The Florida Highway Patrol is still defending its’ decision to reopen I-75 just before an 18-vehicle pileup sent 10 people to their graves in late January. The highway patrol had been drawing extreme criticism for its’ decision to reopen the stretch of highway, which had been closed just 15 minutes before the accident because of low visibility due to fog and smoke from a nearby brush fire.
Meanwhile, funeral services for the nearly dozen deceased have all but wrapped, leaving family members and friends at a loss of what to do. A criminal investigation is pending as authorities try to determine if the brush fire was set purposefully. If it was and the perpetrator is caught, he or she could be charged with multiple counts of manslaughter. Others suspect that family members of the deceased may try to sue the Florida Highway Patrol for wrongful death because of its’ decision to reopen the road.
The Gainesville car accident disaster occurred in the early morning hours of January 29th. The highway had been closed until around 3:30 a.m., when the Florida Highway Patrol said that the fog and smoke had cleared. However, conditions apparently deteriorated fast after they reopened the stretch, and a quarter of an hour later visibility was reportedly near zero, according to the patrol as well as drivers who were at the scene.
The ensuing pileup involved 12 cars and 6 tractor-trailers, including a mobile home, as well as one tour bus. Survivors say that the accident seemed like “the end of the world,” with vehicles bursting into flames and people screaming as they died trapped in their cars. Rescuers said later that visibility was so bad that they could not even find survivors in the nearly mile-long disaster zone by sight and had to rely on listening for screams and calls for help.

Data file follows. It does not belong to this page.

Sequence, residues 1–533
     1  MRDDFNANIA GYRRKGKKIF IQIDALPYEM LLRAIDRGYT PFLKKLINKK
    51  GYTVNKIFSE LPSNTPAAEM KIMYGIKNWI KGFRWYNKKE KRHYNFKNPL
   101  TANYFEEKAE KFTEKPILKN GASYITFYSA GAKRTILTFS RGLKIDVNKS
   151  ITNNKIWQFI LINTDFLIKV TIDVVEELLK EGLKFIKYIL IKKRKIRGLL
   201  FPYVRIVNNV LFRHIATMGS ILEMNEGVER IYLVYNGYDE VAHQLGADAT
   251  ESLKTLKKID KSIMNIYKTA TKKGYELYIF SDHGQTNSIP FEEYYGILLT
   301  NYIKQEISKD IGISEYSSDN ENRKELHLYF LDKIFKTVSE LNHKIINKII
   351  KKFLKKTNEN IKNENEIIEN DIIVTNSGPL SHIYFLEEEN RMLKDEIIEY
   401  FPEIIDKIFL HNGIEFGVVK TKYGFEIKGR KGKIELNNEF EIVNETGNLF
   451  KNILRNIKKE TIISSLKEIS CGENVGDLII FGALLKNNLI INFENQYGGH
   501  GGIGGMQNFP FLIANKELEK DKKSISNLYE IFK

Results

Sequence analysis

The fire burned so hot that parts of 1-75 actually melted, according to reports. The northbound lanes of 1-75 finally reopened at around 5:30 p.m. on the 29th.
Steven R. Camps of Gainesville, one of the survivors of the accident, described the scene to reporters. “You could hear cars hitting each other. People were crying. People were screaming. It was crazy,” he said. He told the press that traffic stopped and that a friend called him to tell him that the road looked really bad. Camps says he was talking to a man in the car next to him as they waited to clear when a vehicle slammed into the man’s car from behind, crushing it under the semi-truck that was stopped in front of him.
Camps says that his car was then hit twice, and that he and another friend fled the vehicle and headed for the shoulder, fearing for their lives as vehicles burst into flames and exploded around them. “It was happening on both sides of the road, so there was nowhere to go. It blew my mind… it looked like someone was picking up cars and throwing them.” Othe